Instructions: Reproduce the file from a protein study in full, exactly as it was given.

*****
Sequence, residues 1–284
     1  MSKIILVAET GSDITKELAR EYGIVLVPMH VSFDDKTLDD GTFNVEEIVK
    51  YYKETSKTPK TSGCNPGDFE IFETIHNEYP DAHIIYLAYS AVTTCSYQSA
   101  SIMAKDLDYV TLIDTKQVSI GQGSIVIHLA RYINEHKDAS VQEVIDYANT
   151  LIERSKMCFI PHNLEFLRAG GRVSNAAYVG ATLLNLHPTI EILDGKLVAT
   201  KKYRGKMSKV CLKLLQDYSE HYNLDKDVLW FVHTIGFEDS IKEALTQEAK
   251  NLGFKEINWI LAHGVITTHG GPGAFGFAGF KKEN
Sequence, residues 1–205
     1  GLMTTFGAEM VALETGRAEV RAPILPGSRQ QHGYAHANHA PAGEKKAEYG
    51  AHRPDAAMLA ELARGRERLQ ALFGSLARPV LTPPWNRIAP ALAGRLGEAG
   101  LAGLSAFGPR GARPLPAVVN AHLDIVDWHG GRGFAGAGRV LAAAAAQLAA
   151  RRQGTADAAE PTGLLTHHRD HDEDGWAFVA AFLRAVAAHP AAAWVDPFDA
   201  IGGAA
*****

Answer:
Sequence, residues 1–284
     1  MSKIILVAET GSDITKELAR EYGIVLVPMH VSFDDKTLDD GTFNVEEIVK
    51  YYKETSKTPK TSGCNPGDFE IFETIHNEYP DAHIIYLAYS AVTTCSYQSA
   101  SIMAKDLDYV TLIDTKQVSI GQGSIVIHLA RYINEHKDAS VQEVIDYANT
   151  LIERSKMCFI PHNLEFLRAG GRVSNAAYVG ATLLNLHPTI EILDGKLVAT
   201  KKYRGKMSKV CLKLLQDYSE HYNLDKDVLW FVHTIGFEDS IKEALTQEAK
   251  NLGFKEINWI LAHGVITTHG GPGAFGFAGF KKEN
Sequence, residues 1–205
     1  GLMTTFGAEM VALETGRAEV RAPILPGSRQ QHGYAHANHA PAGEKKAEYG
    51  AHRPDAAMLA ELARGRERLQ ALFGSLARPV LTPPWNRIAP ALAGRLGEAG
   101  LAGLSAFGPR GARPLPAVVN AHLDIVDWHG GRGFAGAGRV LAAAAAQLAA
   151  RRQGTADAAE PTGLLTHHRD HDEDGWAFVA AFLRAVAAHP AAAWVDPFDA
   201  IGGAA